5 of 5 thought this review was well written
It seems a rare occurrence when a band makes that devious blend of textures within their music. Going beyond the mere aural aspects – although Fragments is a genuine combination of brutality, melody, and catchy yet innovative songwriting – some are able to go as far as creating moods and channeling emotions within their music. While this certainly does not happen often, it is a moment to be cherished when you lose yourself subconsciously in a daunting guitar melody or begin banging your head mercilessly to a chugging riff. Song after song, minute after minute, Sterling Black Icon
not only sounds like the highest quality melodic death written in recent times, it also keeps the listener feeling something new with every riff. Whether it’s vehement rage along guttural growling and blasting drums or a heavenly experience during a melodic interval, you not only hear the music, you feel it.
Fragments of Unbecoming, a five piece melodic death metal outlet from Germany, truly took their talent to the next level with their second and latest album, Sterling Black Icon
. Every aspect of their previous album Skywards
has been brought back and improved upon. Riffs and textures flow within each other, a dual vocal attack keeps listeners on their toes, and vicious drums blast away meticulously. 2006 may not see a better album than this melodic death performance; it would be unreasonable to expect any more.
Sterling Black Icon
seems to possess so many layers it’s impossible to keep track of them all. From the beginning of the serene acoustic entrance to the end of the haunting piano departure, the music latches on and never lets go, yet never once becomes predictable. Tracks such as Sterling Black Icon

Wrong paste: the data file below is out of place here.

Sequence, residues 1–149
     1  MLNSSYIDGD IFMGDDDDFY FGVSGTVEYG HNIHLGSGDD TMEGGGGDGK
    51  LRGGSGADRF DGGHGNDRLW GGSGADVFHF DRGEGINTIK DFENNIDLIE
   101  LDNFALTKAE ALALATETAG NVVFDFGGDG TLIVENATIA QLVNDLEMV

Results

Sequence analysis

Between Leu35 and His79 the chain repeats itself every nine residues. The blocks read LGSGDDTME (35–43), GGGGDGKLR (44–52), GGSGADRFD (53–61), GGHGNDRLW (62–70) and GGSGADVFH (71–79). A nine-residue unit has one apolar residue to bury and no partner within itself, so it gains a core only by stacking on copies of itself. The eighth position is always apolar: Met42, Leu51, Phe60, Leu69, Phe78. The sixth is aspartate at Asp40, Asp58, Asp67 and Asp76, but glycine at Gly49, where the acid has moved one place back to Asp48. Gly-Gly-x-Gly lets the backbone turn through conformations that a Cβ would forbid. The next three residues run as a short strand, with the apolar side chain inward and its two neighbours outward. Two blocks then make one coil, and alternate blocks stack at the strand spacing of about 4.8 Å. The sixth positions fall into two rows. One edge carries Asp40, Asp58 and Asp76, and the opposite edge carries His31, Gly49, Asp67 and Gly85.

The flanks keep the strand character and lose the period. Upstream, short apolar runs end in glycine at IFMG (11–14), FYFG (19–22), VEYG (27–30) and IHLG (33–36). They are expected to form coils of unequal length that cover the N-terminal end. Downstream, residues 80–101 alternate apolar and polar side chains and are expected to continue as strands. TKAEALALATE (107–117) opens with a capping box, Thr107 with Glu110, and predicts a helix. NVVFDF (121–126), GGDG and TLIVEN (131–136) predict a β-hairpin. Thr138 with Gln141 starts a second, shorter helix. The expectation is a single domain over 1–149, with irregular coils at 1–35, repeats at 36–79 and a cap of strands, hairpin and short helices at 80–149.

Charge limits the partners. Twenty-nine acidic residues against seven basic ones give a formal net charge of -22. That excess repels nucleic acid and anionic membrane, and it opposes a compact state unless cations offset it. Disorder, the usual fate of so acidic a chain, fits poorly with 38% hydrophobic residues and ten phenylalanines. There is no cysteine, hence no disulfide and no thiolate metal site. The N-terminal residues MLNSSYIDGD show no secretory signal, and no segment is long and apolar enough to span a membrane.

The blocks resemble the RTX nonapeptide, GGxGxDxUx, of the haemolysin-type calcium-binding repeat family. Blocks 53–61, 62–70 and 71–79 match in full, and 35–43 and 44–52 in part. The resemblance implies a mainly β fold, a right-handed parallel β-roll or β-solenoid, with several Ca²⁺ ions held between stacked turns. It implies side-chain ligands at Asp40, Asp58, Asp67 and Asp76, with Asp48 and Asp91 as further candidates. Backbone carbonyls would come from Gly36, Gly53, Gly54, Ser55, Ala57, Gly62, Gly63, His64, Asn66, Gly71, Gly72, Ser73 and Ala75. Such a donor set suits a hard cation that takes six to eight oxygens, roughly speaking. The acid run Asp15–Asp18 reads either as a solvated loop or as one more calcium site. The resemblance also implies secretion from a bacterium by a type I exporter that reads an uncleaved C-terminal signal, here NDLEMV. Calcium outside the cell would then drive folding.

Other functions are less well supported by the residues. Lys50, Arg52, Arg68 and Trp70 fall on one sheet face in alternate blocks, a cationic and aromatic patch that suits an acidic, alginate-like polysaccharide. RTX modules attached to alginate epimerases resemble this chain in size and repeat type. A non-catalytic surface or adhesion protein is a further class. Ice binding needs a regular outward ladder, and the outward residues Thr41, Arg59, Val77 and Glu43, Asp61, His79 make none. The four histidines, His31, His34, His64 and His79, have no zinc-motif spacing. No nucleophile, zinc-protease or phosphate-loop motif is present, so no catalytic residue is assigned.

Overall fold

and A Faint Illumination
are reminiscent of the sound of Skywards
, beginning as catchy riffests and concluding as epic theaters of melody. Scythe of Scarecrow
is a pummeling track of aggression while Live for the Moment, Stay ‘till the End
is an enjoyable mixture of elements that sacrifices none of the extreme influences while seemingly an easy listen. To offset the varying array of songs, Dear Floating Water
and Breathe in the Black to See
are packed full of harmonious death metal madness for well over seven minutes each. Everything one could possibly ask for in metal is here in abundance and will surely never fail to grab attention.
The newest addition to the squad is lead vocalist Sam Anetzberger who teams up with guitarist Stefan Weimar to produce a flurry of vicious screams and menacing growls. If you feel like your life is at stake while listening to Scythe of Scarecrow
, you’re not alone. Many a small animal has been sacrificed to prevent mass plaguing of the metal gods. Fears are put to rest amidst the chaos with song introductions [i]Ride for a Fall[i] (a dark flurry of lead guitar) and Onward to the Finger of God
(an intensely harmonized tremolo piece).
Not enough can be said about the incredible music sealed within the album’s sleek, enticing packaging. Weave Their Barren Path
flows seamlessly from low, dark riffing to beautifully harmonized lead work, and again into a vocal-lead passage. Stand the Tempest
concludes the album with an epic conjuration of strength from every instrument, creating a powerful vortex of metal. Honestly, no single track(s) can be labeled the best on Sterling Black Icon
. Every song is a masterful creation of dynamic metal with enough variety to create the most extreme smorgasbord ever heard on a record. Brutal, yet melodic; ideas flow logically, yet never feel formulaic. Wickedly metal, yet never without a true experience of emotion. It’s incredible what a group of five Germans can accomplish with aspirations and perseverance.
While words cannot describe the sense of trepidation felt in this album, the only way to truly experience it is to listen to the record in full. Anyone who remotely considers themselves a metal fan, especially fans of melodic death metal, owes it to themselves to obtain a copy of Fragments of Unbecoming’s Sterling Black Icon